2. Josh says:

    While watching this episode, I noticed something that I personally feel is the problem. The rockets on the car are arranged in a VERTICAL line. This design helped produce the notorious “fishtail”, to which it also resembles. Due to this design, a slight change in horizontal direction is greatly increased. However, if the the rockets were arranged in a HORIZONTAL line, there would be less of a adverse reaction in the case of a sudden change of direction. In addition, this design would be more beneficial to the lift, as the rockets would lift/push the entire car, not just the center. Also, the rockets would be more fluid with the original shape of the car, instead of a vertical “fin”. But again, that’s just my personal logic.

    • SomeDude says:

      Your point is very valid, and things like that could change the whole results of the test. Looks like MythBusters will have to revisit this again if they want to get it right.

      Also the multi-task episode is not very valid either due to the tasks having a bias to them, having each person do the things they almost never do(Aka having no redefined skills of a specific task) would be more valid.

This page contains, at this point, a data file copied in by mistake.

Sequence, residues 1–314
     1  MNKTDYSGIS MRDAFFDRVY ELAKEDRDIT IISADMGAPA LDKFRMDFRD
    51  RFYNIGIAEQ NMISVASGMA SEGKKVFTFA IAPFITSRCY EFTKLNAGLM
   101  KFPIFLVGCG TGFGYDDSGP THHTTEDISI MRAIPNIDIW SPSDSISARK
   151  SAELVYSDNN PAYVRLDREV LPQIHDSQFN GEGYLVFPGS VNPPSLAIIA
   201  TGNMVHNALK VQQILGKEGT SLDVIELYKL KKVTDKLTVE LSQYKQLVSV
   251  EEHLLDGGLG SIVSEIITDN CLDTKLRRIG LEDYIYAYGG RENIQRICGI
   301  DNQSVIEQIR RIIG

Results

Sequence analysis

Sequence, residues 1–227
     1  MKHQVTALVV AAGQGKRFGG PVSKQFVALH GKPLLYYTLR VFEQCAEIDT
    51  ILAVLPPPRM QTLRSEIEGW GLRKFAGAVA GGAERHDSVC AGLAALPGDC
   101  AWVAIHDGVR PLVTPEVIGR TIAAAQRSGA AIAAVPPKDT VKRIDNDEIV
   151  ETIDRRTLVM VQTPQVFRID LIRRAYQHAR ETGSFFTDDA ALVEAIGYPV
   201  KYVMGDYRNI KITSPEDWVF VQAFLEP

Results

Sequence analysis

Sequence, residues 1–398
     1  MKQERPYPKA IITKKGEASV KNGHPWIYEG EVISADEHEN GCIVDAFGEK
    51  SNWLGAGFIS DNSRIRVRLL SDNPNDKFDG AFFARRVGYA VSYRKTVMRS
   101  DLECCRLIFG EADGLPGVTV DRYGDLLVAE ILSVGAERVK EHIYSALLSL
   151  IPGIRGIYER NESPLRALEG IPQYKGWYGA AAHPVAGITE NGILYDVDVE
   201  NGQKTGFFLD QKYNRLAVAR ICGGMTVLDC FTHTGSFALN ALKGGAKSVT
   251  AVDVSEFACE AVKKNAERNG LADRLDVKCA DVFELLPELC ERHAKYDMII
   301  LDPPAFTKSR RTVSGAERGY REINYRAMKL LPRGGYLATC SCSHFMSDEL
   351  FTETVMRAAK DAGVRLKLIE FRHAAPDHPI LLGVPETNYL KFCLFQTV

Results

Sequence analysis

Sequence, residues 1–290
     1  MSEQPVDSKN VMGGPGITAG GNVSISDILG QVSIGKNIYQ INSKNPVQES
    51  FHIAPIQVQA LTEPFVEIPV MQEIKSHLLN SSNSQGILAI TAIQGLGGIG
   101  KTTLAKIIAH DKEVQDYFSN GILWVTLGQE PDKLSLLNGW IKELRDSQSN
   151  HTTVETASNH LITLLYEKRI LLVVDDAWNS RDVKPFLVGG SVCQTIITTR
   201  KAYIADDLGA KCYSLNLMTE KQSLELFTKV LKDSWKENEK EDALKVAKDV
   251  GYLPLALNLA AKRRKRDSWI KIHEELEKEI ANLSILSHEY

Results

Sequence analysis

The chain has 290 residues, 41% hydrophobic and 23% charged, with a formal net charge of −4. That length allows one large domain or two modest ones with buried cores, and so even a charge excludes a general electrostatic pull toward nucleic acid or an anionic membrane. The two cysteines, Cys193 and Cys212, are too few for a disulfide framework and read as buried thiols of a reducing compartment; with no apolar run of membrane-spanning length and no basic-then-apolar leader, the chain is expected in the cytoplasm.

• SomeDude says:

        They(MythBusters) sometimes get caught up in the daily action of releasing episodes and stuff, don’t worry, just inform, once they notice a flaw, I’m almost 100% positive they’ll make it right. :D

    • OiamondBack says:

      I think they already said that they don’t want to alter the car in anyway because it would jut be a car shaped rocket rather than a car with a rocket on its back

  3. gdp says:

    “gunner” and “Josh” each have it “half right.”

    There are two requirements for stable aerodynamic rocket flight:

    1.) The “line of action” for the total thrust must pass through the vehicle’s center of mass — or equivalently, the engines must not exert any net torque on the vehicle. One may most certainly ensure this criterion in a multi-engine rocket by aligning each engine such that its center axis (line of thrust) points through the vehicle’s center of mass — which is why the central axes of each of the three Space-Shuttle Main Engines appear to splay slightly “outward” from the Orbiter’s longitudinal axis.

    2.) The “center of pressure” for the vehicle must be located _behind_ the center of mass. This criterion may be ensured by adding “fins,” which is why many rockets have fins.

    Unless both of these criteria are simultaneously met, the rocket will “pinwheel” — as indeed the “JATO Car” and nearly every other rocket the Mythbusters have built has “pinwheeled” after launch…